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Jason Dufner on Putting

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It was reported today (June 5, 2017) that Jason Dufner, the winner of last week’s Memorial Tournament, has found a way to improve his putting. When over the ball, he concentrates on his breathing. 

“I’m just focused on my breathing,” Dufner said. “That’s a conscious thought for me and then I let the putt and the motion of the stroke be subconscious and natural.”

He may have something there, but then again . . . . .

Jason Dufner on Putting

Think about your breathing’s what Dufner says
Calls it “subconscious” putting, give it a spin
But while you’re at it, keep your head still
Then you really have a chance that your putt goes in.

Leon S White, PhD

 

Please come back next week for the next golf poetry Post.

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When Golf is not a Metaphor for Life

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Golf is often described as a metaphor for life. Well, recently I read an article in the Boston Globe that got me to thinking maybe there are exceptions. 

The story was about an employer who interviewed four your people for a job. He selected one and decided to be honest with the other three as to why they were not chosen. He told one of the unselected that she was disqualified because of her casual dress. In response the woman said that she would sue! Not sure for what, but the criticism was not well taken, to say the least.

That got me to thinking about responses to criticism. And here is what I came up with:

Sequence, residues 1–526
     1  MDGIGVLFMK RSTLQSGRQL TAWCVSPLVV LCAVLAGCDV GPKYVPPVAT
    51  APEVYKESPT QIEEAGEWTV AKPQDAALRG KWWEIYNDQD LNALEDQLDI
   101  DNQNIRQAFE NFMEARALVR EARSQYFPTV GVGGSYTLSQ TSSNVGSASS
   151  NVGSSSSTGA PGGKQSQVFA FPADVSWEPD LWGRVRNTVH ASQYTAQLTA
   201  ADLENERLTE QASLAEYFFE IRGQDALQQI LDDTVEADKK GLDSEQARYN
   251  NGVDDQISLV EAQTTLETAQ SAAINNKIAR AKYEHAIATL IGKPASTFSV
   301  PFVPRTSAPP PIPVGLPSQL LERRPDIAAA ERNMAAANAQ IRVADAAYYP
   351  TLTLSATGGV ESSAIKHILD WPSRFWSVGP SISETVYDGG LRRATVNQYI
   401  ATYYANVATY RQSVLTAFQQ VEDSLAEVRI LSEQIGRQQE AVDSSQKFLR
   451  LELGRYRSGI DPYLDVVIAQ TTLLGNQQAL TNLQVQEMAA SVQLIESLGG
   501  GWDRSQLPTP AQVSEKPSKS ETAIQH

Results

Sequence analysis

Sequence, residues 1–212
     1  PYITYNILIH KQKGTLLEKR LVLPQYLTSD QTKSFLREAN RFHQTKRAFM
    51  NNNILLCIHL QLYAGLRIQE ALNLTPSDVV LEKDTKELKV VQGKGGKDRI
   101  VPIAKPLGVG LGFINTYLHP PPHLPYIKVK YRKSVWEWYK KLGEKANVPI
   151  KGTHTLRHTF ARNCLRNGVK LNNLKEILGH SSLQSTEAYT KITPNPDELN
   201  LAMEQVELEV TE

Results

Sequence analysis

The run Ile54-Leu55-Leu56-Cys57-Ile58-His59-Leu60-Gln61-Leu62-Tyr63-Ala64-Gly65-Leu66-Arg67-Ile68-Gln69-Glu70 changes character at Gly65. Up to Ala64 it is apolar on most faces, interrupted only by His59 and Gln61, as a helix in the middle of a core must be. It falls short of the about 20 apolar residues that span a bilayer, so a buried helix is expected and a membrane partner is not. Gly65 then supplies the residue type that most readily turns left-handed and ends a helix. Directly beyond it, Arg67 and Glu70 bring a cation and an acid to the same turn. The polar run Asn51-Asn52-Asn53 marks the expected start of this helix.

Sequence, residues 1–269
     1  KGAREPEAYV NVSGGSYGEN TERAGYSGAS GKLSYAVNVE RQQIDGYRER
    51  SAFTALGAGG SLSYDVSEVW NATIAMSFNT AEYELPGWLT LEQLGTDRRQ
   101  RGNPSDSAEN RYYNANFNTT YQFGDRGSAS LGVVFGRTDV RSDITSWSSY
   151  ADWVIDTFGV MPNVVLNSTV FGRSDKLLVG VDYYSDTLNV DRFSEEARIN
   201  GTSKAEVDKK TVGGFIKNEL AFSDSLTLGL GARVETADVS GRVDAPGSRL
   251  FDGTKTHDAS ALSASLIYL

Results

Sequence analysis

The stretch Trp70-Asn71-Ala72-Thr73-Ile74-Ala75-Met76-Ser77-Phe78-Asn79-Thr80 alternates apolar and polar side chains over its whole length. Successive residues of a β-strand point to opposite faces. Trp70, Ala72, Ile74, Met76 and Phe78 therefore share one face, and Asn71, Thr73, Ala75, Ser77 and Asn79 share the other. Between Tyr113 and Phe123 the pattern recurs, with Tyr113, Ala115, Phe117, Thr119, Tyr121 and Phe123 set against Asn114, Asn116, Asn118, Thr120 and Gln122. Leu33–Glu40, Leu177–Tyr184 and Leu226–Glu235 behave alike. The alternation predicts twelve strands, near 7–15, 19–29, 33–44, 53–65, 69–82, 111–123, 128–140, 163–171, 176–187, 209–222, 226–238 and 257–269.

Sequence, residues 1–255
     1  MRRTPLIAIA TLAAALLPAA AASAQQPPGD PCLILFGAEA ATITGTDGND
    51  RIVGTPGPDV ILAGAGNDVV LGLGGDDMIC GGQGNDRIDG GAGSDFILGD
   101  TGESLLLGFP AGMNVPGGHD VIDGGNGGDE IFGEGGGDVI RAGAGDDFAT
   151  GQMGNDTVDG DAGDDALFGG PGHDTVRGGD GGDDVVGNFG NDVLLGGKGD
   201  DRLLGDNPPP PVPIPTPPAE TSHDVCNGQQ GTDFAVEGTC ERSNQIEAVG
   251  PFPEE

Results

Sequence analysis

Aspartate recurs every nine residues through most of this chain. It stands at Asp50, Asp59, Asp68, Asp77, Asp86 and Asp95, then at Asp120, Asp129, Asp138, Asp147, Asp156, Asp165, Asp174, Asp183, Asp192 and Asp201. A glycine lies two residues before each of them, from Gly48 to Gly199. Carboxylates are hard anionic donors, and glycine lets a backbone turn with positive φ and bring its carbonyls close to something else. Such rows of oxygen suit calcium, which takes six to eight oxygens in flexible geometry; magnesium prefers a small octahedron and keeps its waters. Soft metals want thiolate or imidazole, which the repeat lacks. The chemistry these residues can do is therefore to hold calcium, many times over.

When Golf is not Life’s Metaphor

More often than not when criticized
The chance to improve is rejected
In golf when critical advice is offered
More often than not it’s respected.

Leon S White, PhD

 

Given Tiger’s recent problem and the reactions to it, the latest on the op-ed page of the New York Times today (June 3, 2017), I thought I’d add an additional four lines:

For Tiger

Tiger’s down but he’s not out
Haters jumped at the chance to shout
But quieter voices now have his ear
With heartening words he needs to hear.

LSW

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Help With Your Putting

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We’re back to four line poems with a focus on putting.

I’m sure that most of you have missed a putt and then later thrown down a second ball on the same spot and made that one. The poem below suggests a way to incorporate this experience into your putting routine.

Putting Help

To improve your putting without a doubt
And avoid the usual pain and chagrin
Pretend you’ve already putted and missed
Your “second try” will always go in.

Leon S White, PhD